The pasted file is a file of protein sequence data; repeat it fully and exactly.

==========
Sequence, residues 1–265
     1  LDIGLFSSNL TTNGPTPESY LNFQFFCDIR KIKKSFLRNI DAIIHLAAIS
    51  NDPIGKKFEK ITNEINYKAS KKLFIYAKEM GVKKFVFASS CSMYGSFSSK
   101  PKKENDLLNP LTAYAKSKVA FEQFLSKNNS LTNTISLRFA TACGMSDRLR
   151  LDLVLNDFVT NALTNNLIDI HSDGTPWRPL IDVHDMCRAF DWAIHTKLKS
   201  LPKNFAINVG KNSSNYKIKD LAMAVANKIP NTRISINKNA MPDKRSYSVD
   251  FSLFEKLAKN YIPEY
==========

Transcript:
Sequence, residues 1–265
     1  LDIGLFSSNL TTNGPTPESY LNFQFFCDIR KIKKSFLRNI DAIIHLAAIS
    51  NDPIGKKFEK ITNEINYKAS KKLFIYAKEM GVKKFVFASS CSMYGSFSSK
   101  PKKENDLLNP LTAYAKSKVA FEQFLSKNNS LTNTISLRFA TACGMSDRLR
   151  LDLVLNDFVT NALTNNLIDI HSDGTPWRPL IDVHDMCRAF DWAIHTKLKS
   201  LPKNFAINVG KNSSNYKIKD LAMAVANKIP NTRISINKNA MPDKRSYSVD
   251  FSLFEKLAKN YIPEY